Match Stats/Report - Federer vs Safin, Australian Open final 2004

Waspsting

Hall of Fame
Roger Federer beat Marat Safin 7-6(3), 6-4, 6-2 in the Australian Open final, 2004 on hard court

Federer rose to world number one for the first time with his showing at the event and he would go on to win 2 other Slams that year

Federer won 113 points, Safin 93

Serve Stats
Federer...
- 1st serve percentage (48/90) 53%
- 1st serve points won (36/48) 75%
- 2nd serve points won (25/42) 60%
- Aces 8, Service Winners 1
- Double Faults 2
- Unreturned Serve Percentage (28/90) 31%

Safin...
- 1st serve percentage (58/116) 50%
- 1st serve points won (37/58) 60%
- 2nd serve points won (27/58) 47%
- Aces 3, Service Winners 1
- Double Faults 5
- Unreturned Serve Percentage (18/116) 16%

Serve Pattern
Federer served...
- to FH 38%
- to BH 55%
- to Body 8%

Safin served...
- to FH 14%
- to BH 85%
- to Body 1%

Return Stats
Federer made...
- 93 (18 FH, 75 BH), including 6 runaround FHs and 1 return-aproach
- 4 Winners (3 FH, 1 BH), including 3 runaround FHs
- 14 Errors, comprising...
- 4 Unforced (2 FH, 2 BH), including 2 runaround FH attempts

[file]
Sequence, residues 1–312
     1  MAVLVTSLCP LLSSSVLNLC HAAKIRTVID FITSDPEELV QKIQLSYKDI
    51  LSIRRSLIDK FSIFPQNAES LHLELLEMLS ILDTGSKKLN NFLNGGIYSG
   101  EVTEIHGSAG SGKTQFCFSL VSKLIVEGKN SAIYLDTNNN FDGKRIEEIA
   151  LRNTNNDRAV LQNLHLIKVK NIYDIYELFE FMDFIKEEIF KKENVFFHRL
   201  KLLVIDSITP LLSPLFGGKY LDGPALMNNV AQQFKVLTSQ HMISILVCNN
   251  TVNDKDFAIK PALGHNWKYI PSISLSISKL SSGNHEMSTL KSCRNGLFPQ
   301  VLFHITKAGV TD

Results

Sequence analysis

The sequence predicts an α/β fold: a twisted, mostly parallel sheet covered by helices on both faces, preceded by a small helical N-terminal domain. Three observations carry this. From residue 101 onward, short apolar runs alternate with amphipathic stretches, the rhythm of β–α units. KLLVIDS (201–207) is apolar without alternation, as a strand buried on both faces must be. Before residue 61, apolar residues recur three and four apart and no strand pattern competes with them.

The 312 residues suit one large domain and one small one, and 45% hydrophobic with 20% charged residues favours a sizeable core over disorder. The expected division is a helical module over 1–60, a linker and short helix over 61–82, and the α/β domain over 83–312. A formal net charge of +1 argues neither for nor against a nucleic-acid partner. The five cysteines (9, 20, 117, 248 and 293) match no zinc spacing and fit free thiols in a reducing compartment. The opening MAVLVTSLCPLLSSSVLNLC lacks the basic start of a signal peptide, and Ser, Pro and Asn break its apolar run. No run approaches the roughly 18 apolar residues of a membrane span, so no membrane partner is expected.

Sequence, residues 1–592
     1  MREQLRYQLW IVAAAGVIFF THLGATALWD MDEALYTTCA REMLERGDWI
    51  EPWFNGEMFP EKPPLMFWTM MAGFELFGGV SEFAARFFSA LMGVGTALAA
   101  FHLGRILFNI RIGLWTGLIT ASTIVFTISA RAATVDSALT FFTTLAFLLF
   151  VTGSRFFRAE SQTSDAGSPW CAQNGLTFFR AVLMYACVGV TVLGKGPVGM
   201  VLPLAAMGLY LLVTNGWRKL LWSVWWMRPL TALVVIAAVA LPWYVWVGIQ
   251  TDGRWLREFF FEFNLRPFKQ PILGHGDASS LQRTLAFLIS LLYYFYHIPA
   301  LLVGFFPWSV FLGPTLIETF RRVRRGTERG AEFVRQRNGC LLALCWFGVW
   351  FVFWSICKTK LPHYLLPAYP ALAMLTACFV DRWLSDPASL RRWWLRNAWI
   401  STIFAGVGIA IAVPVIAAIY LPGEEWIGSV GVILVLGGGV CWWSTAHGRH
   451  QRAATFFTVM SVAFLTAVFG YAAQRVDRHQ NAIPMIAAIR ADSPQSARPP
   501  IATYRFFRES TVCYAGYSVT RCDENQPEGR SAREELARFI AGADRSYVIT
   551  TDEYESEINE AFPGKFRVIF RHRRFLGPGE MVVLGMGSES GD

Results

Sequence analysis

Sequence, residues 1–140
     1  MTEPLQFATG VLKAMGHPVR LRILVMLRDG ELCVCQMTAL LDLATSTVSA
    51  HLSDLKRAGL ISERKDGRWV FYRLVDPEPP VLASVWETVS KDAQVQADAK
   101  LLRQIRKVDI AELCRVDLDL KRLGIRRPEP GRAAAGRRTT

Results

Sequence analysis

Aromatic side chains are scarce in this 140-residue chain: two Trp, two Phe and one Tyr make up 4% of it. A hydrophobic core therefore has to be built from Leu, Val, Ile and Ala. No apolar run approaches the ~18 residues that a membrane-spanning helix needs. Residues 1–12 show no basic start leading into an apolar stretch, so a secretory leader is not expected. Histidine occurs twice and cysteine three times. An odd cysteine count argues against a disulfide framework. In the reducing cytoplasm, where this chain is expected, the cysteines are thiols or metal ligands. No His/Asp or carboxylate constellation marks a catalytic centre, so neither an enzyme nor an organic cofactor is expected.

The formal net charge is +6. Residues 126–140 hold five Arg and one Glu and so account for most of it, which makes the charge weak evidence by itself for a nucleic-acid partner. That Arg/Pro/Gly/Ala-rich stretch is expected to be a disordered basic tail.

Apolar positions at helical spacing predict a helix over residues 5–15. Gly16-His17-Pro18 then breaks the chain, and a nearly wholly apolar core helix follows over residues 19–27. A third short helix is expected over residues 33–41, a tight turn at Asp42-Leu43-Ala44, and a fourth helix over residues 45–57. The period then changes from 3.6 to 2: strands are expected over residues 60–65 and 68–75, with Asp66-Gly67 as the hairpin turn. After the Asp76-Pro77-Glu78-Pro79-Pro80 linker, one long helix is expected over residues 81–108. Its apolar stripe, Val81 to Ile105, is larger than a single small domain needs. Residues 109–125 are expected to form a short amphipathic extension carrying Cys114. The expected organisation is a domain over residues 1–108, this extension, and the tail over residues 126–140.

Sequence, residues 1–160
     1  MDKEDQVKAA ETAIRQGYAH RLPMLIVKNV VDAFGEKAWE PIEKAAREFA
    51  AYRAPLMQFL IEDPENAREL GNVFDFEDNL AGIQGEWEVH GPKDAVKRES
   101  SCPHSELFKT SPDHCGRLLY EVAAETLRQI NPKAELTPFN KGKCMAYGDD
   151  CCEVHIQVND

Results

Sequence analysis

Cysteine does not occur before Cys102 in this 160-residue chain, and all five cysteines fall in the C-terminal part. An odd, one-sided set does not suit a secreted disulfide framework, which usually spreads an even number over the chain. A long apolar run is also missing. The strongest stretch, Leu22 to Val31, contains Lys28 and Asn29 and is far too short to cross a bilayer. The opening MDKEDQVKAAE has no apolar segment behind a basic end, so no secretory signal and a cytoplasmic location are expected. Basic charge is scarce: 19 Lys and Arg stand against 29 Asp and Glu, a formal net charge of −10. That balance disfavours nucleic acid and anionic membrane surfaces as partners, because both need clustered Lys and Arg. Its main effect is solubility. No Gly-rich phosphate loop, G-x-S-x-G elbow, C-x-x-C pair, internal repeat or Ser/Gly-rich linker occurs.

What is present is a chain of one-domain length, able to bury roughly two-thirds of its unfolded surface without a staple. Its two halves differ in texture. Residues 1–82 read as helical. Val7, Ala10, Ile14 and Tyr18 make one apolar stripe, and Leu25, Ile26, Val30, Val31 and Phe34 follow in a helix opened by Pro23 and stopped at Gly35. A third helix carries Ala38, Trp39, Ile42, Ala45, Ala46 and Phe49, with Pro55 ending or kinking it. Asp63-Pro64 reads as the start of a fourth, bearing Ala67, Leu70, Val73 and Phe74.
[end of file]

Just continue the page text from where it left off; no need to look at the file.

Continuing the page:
- 10 Forced (3 FH, 7 BH)
- Return Rate (93/111) 84%

Safin made...
- 60 (21 FH, 39 BH), including 2 runaround FHs
- 1 Winner (1 BH)
- 19 Errors, comprising...
- 3 Unforced (3 FH)
- 16 Forced (10 FH, 6 BH)
- Return Rate (60/88) 68%

Break Points
Federer 5/18 (8 games)
Safin 2/3 (2 games)

Winners (including returns, excluding aces)
Federer 29 (19 FH, 5 BH, 1 FHV, 2 BHV, 2 OH)
Safin 14 (5 FH, 3 BH, 2 FHV, 2 BHV, 2 OH)

Federer's FHs - 10 cc (1 runaround return and 4 passes), 3 dtl (1 pass), 5 inside-out (2 runaround returns) and 1 inside-in

- BHs - 2 cc (1 pass) and 3 dtl (1 return and 2 passes)

- 1 BHV was the first volley of a serve-volley point and the other was a drop volley

Safin's FHs - 3 cc (1 pass and 1 return), 1 longline/inside-out and 1 inside-out

- BHs - 3 cc (2 passes)

Errors (excluding returns and serves)
Federer 58
- 25 Unforced (10 FH, 13 BH, 2 OH)
- 33 Forced (13 FH, 18 BH, 1 FHV, 1 BHV)
- Unforced Error Forcefulness Index 46.4

Safin 52
- 34 Unforced (15 FH, 18 BH, 1 BHV)
- 18 Forced (6 FH, 7 BH, 2 FHV, 2 BHV, 1 BH1/2V)
- Unforced Error Forcefulness Index 43.5

(Note 1: all half-volleys refer to such shots played at net. Half -volleys played from other parts of the court are included within relevant groundstroke counts)

(Note 2: the Unforced Error Forcefulness Index is an indicator of how aggressive the average UE was. The numbers presented for these two matches are keyed on 4 categories - 20 defensive, 40 neutral, 50 attacking and 60 winner attempt)

Net Points & Serve-Volley
Federer was...
- 10/18 (%) at net, including...
- 1/2 serve-volleying, comprising...
- 1/1 off first serve and...
- 0/1 off second
---
- 0/1 return-approaching
- 0/1 forced back

Safin was...
- 18/30 (60%) at net
 

Waspsting

Hall of Fame
Match Report
A fun - if not competitive - match on a fast hard court between two players who thrive in such conditions. Disappointing first set from both men, but Federer pulls up his socks for the next two; Safin does not